On February 14, Valentine’s Day is celebrated around the world, but obviously it is not the only day of the year when couples can show each other how they feel. Throughout the year there are various traditions and customs for love and lovers which also have special days or moments dedicated to them in Spain. Take a look at some of the most well-known celebrations.
The flowers of Saint Jordi
The patron saint of Catalonia, St. Jordi, is celebrated on April 23 in Catalonia. It is also a day for lovers. To celebrate, couples (along with loved ones and family members) give one another roses or books. Because of this, in the morning, the streets are filled with flower and book sellers (especially in las Ramblas in Barcelona) trying to motivate the many passersby who celebrate the day to buy them and reflecting the popularity of this custom.
The Valencian “Mocadorà“
On October 9, coinciding with the Day of the Autonomous Region of Valencia, the “mocadorà,” in honor of Saint Dionysius, patron saint of Valencian lovers is celebrated. The history of this tradition goes back to the 16th century, when the celebration of James I was prohibited under Philip V of Spain. The popular response came from the guild of Valencian confectioners who created sweets that looked like male and female genitals and which are popularly known as “piruleta” and “tronador” (or little cakes made of marzipan). Men gave these sweets to the women they loved and in order to hide them while bringing them to their sweethearts, it was popular to hide the sweets in a handkerchief (a “mocador” in Valencian), which later became the name of the custom.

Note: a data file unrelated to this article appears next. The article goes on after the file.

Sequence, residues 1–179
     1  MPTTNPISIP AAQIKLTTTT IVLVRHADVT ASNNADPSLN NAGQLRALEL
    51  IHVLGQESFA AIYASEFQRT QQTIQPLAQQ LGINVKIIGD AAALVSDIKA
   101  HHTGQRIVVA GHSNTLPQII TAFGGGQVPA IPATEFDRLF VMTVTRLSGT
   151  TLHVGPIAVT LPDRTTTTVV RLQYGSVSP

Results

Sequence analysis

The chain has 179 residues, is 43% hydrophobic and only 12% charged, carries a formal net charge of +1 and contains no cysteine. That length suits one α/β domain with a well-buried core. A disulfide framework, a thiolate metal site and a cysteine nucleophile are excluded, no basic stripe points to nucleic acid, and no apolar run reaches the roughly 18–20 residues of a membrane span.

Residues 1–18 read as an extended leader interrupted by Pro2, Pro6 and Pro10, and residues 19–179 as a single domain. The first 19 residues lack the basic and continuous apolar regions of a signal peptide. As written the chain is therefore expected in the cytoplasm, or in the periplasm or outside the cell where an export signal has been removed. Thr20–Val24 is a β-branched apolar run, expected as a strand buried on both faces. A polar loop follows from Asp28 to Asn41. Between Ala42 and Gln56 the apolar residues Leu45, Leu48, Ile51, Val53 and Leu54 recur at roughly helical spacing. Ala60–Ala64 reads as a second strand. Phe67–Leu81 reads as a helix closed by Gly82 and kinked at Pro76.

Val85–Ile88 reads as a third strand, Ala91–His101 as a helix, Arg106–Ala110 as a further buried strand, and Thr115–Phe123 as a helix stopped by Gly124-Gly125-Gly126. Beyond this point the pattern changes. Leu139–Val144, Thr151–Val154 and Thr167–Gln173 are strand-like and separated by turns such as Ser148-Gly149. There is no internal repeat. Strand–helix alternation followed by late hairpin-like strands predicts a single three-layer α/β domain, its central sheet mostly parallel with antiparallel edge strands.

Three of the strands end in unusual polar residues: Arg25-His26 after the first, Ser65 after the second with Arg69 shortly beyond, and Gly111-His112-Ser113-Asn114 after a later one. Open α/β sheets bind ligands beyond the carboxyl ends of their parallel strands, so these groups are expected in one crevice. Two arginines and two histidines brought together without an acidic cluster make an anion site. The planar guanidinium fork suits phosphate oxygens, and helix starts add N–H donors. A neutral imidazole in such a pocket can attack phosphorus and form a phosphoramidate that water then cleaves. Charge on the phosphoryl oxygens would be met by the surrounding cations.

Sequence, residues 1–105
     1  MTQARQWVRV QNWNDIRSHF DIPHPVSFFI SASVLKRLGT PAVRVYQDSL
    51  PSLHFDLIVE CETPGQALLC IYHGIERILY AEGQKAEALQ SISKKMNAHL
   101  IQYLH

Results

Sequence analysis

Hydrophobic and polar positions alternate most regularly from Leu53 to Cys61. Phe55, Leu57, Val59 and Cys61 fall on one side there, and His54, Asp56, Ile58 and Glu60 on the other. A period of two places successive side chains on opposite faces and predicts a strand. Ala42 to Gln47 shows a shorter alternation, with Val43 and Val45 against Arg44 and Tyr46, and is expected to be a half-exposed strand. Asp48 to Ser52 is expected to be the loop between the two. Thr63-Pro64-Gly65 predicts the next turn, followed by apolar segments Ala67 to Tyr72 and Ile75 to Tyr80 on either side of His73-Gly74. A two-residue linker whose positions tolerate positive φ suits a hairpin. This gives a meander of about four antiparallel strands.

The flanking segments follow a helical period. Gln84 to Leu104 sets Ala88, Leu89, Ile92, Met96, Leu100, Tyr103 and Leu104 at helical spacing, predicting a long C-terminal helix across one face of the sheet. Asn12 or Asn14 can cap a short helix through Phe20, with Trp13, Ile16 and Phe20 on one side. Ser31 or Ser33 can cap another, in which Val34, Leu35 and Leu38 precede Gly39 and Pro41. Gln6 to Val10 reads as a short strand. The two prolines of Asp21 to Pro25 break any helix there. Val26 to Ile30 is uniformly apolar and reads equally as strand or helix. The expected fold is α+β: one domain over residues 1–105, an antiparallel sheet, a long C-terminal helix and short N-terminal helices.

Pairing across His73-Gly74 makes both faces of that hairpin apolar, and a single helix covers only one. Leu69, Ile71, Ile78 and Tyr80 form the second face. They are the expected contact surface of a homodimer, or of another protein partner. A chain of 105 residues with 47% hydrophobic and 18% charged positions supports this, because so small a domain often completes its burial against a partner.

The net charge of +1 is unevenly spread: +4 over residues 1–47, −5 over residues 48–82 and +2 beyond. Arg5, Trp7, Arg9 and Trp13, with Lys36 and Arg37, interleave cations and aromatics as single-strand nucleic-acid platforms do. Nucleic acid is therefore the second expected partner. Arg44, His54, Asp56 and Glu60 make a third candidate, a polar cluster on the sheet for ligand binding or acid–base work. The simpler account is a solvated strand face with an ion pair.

The Love Locks of Seville
This romantic tradition originated in Rome. According to legend, couples have to engrave their names on a padlock, then lock it to a specific place on the Milvio Bridge and throw the key into the Tiber River, so that they will be together forever. This romatic Italian tradition has spread to other places around the world, and in Spain it can be found on the Triana Bridge in Seville. Lovers close the lock on the bridge and throw the key into the Guadalquivar River. The only inconvenience associated with the tradition is that it can affect the structure of the bridge in question or the river where the keys are being thrown. This has motivated some governments, like that of Italy, to take measures and remove padlocks in order to safeguard the integrity of the architecture.
The romantic love pins tradition is one of the most interesting and the one which attracts the most tourists. On June 13, at the Hermitage of San Antonio de la Florida (Madrid), single people throw 13 pins into the holy water and then put their hands in. The number of pins that stick to their palms shows how many suitors they will have that year.
What do you think about these traditions? We hope to have inspired you to include a little something Spanish in you day of love.
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